Waimea Valley, Oahu - An ancient plot of land on Oahu's North Shore gets a special blessing today. In Waimea Valley,  3.75 acres are now protected through a public-private partnership that lets a nonprofit group called Hi'ipaka to manage it. 

It's culturally significant in the land abuts Hale o Lono Heiau, and includes burials and other cultural sites. The land is affiliated with Hawaii's last high priest -- Kahuna Nui Hewahewa, who died 182 years ago on Saturday. Hewahewa presided over the valley following Kamehameha I’s unification of the islands.

The Trust for Public Land, the State of Hawai‘i, City and County of Honolulu, Hi'ipaka LLC, North Shore Community Land Trust, and the Hewahewa 'ohana (family) gathered to offer thanks that the last privately-owned piece of land within Waimea Valley is now protected, safeguarding the cultural sites located there.

Referred to as Pu‘ukua in honor of the original kuleana owner that farmed and lived there in 1852, this property is closely associated with Kahuna Nui Today’s celebration included multiple generations of the Hewahewa family, who participated in Hawaiian ceremony and protocol to bless the protected land and honor their ancestor Hewahewa and their family’s long standing connection to and love for Waimea.

Hewahewa’s thousands of descendants were alarmed in 2014 when the former landowner listed the property for sale. The Hewahewa 'ohana and Hiipaka LLC, which owns and stewards the protected 1,800 acres of Waimea Valley surrounding Pu'ukua, partnered with The Trust for Public Land and North Shore Community Land Trust to raise state, county and private funds to safeguard the site.

To fund the land purchase, The Trust for Public Land and Hi'ipaka applied for funding from the State Legacy Land Conservation Program, and the City Clean Water and Natural Lands Program. Hi'ipaka and its partners also launched a successful capital campaign. Due to the threat of a private purchase of the land for development, The Trust for Public Land took out a loan to purchase the property and served as the land’s interim owner until the public funds for the purchase by Hi'ipaka could be secured and released.

“In 2006, the State, City, Office of Hawaiian Affairs, U.S. Army Garrison Hawaii, The Trust for Public Land, and many North Shore community partners came together to purchase and protect the 1,800 acres surrounding Pu'ukua.  Thanks to the State Legislature and the Legacy Land Conservation Program, thirteen years later, the missing piece of the puzzle, at the heart of Waimea Valley, is being protected,” said State Department of Land and Natural Resources Chairperson Suzanne Case.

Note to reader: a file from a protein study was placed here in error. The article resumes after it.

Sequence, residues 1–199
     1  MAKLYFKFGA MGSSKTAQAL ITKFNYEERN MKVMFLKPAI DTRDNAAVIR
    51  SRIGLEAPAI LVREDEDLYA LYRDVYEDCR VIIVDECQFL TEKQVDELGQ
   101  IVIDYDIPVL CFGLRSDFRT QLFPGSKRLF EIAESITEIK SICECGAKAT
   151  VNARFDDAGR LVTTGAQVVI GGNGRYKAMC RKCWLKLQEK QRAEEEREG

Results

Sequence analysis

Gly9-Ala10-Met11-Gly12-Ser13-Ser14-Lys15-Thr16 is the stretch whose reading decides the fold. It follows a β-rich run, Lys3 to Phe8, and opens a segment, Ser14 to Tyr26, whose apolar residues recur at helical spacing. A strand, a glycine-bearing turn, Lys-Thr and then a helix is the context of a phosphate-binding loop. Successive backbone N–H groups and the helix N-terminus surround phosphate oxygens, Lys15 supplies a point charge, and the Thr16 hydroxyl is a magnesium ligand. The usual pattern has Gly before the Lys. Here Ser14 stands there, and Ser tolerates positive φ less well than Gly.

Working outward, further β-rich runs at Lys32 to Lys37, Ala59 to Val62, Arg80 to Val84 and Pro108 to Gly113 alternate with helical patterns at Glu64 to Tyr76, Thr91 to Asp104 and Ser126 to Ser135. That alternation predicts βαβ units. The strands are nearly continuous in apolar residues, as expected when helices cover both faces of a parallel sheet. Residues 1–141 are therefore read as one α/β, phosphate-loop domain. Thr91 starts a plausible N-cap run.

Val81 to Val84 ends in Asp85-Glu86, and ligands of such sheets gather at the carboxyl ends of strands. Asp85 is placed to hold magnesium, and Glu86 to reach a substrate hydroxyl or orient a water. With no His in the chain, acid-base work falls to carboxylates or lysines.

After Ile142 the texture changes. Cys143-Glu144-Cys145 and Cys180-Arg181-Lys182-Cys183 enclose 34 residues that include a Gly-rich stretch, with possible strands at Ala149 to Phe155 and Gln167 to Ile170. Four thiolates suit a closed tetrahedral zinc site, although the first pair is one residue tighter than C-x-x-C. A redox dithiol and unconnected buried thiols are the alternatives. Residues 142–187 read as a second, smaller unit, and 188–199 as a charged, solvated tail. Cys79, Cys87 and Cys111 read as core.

Hi'ipaka LLC’s Executive Director Richard Pezzulo added, “This land is the gateway to Waimea Valley. If it had been developed for residential use, not only would the natural feel of Waimea be harmed, but our ability to control access to protect Waimea’s numerous and significant cultural resources would be jeopardized.”

"Waimea Valley is an extremely important place to our first people, the Native Hawaiians, and also a place of incredible beauty for our visitors. That is why it’s such a positive step that the Pu'ukua parcel will be permanently protected through a conservation easement. Good things come when communities and government work together in partnership, said Honolulu Mayor Kirk Caldwell.

“With native reforestation and care of the cultural sites by Hi'ipaka and Waimea Valley’s descendants, Pu'ukua will become a place where keiki from all O'ahu schools can come to learn about ahupua'a management and a living Hawaiian culture, and where kupuna can easily gather from the forest to continue Hawaiian cultural practices,” said Trust for Public Land Hawai'i Board Member Greg Pietsch.   

“Hi'ipaka has been an excellent steward of its lands in Waimea Valley and North Shore Community Land Trust is honored to play a small role in helping Hi'ipaka expand its kuleana to include this critical property and the important cultural resources upon it, said North Shore Community Land Trust Board Member and former General Manager of Waimea Valley Bob Leinau.

“Protection of this land is of utmost importance to our 'ohana, and to the safety and sanctity of Waimea Valley’s cultural resources,” shared Aunty Na'mi Kama, a descendant of Kahuna Nui Hewahewa. “Every year our family comes here to honor and steward this place. This year is especially meaningful, as it is the first time we have gathered knowing that the land is protected and will be forever cared for, respecting the cultural sites, history, and mana of this place. Forty years ago, noted historian and archaeologist of Waimea, Rudy Mitchell, encouraged our 'ohana to protect this land and Hewahewa’s legacy. We took on that kuleana (responsibility) and rejoice together today.”

Now under Hi'ipaka’s ownership and care, the nonprofit will work with Native Hawaiian lineal descendants to care for the cultural sites. Over the next few years while Hi'ipaka conducts native reforestation work on the Pu'ukua property, the organization will hold volunteer days for schools and the community which provide a unique educational and service learning experience, while restoring a healthy native ecosystem, and perpetuating Hawaiian culture. 

More info, or to get involved visit https://www.tpl.org/our-work/puukuawaimea-valley.